Is Horse Slaughter Now a Cottage Industry? Revised
On my earlier posts about the repealing of Section 33 of the Meat Inspection Act of 1990, Alert! Horse Apartheid, and Are you Eating Beef Laced with Horsemeat, there was a revealing comment shared by Theresa Anne Nolet, a horse advocate. This is what she wrote:
Good day Cynthia just received an email response from Dr.Brian Evans of CFIA in response to an email I had sent him. His response is dated April 5th, 2012 and here is a quote “it is not factual that horses can be slaughtered at any slaughterhouse in Canada. Any facility wishing to slaughter horses for export to other countries or for interprovincial trade of horsemeat is required to be federally registered with the CFIA. As with all meat products sold in Canada and exported to foreign markets,horsemeat must be properly segregated from meat of any other species of animal.”
Obviously Dr. Evans is unaware of the elimination of section 33 out of the regulations! Just thought you would find this of interest.
Now I’m pretty sure that I didn’t hallucinate the repealing of Section 33 that I read about in the Canada Gazette, and if I did, it must have been a long-lasting delusion because I blogged about it twice. I told Theresa Anne that I would write more shortly (meaning, I’d go check my facts and get back to her), but I didn’t think it would be this soon. In today’s The Montreal Gazette, the following article appeared on page A10, Feds take on Meat Hygiene, written by Sarah Schmidt of Postmedia News. I’ll try to get the link for you; in the meantime, here are a few quotes:
“The federal government is set to overhaul Canada’s meat inspection rules…[to help] smaller business and align Canadian regulations with American policies, without lowering food safety standards….[T]he changes are about simplifying requirements…so [that small non-federally registered]…meat-processing plants [can] become federally registered….”
Okay…so the CFIA’s current food safety standards will not be affected, right? In the article, the changes are referred to as “irritants,” ”substantive”, and focus on labelling requirements, as well as on where the horsemeat is sold (in other words, if province-wide only then all rules are “relaxed.”) “Irritants” is about as descriptive as the word “nice” is; in other words, babblespeak terms that reveal nothing about anything.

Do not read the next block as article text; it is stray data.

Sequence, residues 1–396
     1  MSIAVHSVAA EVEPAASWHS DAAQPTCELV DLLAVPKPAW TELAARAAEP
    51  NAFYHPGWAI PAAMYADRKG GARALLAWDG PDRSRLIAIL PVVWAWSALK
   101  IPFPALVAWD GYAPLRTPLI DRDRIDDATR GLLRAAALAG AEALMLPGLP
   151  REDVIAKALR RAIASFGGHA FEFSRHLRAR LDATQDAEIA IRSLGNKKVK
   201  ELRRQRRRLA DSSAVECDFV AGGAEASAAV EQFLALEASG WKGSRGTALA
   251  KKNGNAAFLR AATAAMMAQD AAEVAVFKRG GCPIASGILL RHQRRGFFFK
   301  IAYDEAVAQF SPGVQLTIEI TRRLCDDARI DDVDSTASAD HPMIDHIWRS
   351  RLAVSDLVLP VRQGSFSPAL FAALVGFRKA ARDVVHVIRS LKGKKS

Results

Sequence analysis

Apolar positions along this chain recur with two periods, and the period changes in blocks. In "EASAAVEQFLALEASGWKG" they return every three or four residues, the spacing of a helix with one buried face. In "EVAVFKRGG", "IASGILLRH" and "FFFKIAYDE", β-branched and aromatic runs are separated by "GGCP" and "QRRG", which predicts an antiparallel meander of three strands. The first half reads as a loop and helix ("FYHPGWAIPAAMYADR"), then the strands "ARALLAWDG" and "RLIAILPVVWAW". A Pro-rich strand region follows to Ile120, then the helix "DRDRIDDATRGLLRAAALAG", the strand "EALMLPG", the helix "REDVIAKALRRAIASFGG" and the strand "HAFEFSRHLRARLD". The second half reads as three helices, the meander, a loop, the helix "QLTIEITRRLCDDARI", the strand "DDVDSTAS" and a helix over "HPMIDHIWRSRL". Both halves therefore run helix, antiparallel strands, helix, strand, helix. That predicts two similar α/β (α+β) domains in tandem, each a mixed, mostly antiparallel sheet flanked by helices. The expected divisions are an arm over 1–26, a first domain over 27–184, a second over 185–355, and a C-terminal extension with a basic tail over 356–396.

And tell me again why it is that we need to align with US food policies? Our biggest trading partner, yes, but is it possible that this is a furtive way for US pro-horse-slaughter proponents to have us provide their horsemeat–and of course since we’ll now be applying their food safety laws to our abattoirs–they would have no problem selling it either in the States or to their own horse-eating trade partners? I don’t know…sounds fishy to me. I remember that, last year, the Quebec farming industry was in a twist because labelling had become even more complex than previously, such that if you bought your apples, say, from the States and then made them into apple pie for sale here in Canada, that pie had to be labelled “Product of Canada”. That information was in La Terre de chez nous, our agricultural newspaper, so I’ll have to look up the fine details and get back to you. I don’t want to give the dark side any ideas but since their efforts to re-open abattoirs in at least four US states that I know of have been blocked so far, they may be diabolical (and desperate) enough to connive even further than they have so far. Sue Wallis and Bill desBarres of the adamantly pro-slaughter Horse Welfare Alliance of Canada are in each other’s pockets, after all.
The article quotes Bob Kingston, union president of the meat inspectors at CFIA, and a few others…and, of course, here’s the kicker:
“One industry source familiar with the CFIA’s 17 pilot projects…says his technical advisers have concerns…they are uncomfortable with the science...citing the example of allowing the butchering of wild game in the same facility.”
A cottage industry is a very small-scale operation with a limited, niche or very small market. If small-scale abattoirs which claim to sell horsemeat only province-wide (which I find hard to believe since QC sells to the Ontario gourmet market) also benefit from the relaxing of ”irritating” labelling laws, then I shudder to think…in other words, the potential for corruption will explode. (Read Roxanne’s comment below for a case-in-point–and that happened when the standard laws were in place.) And all this is on top of a prime new threat to consumers: that horsemeat will no longer be segregated from other food meats while at the butchering stage (which is exactly what Section 33 prevented).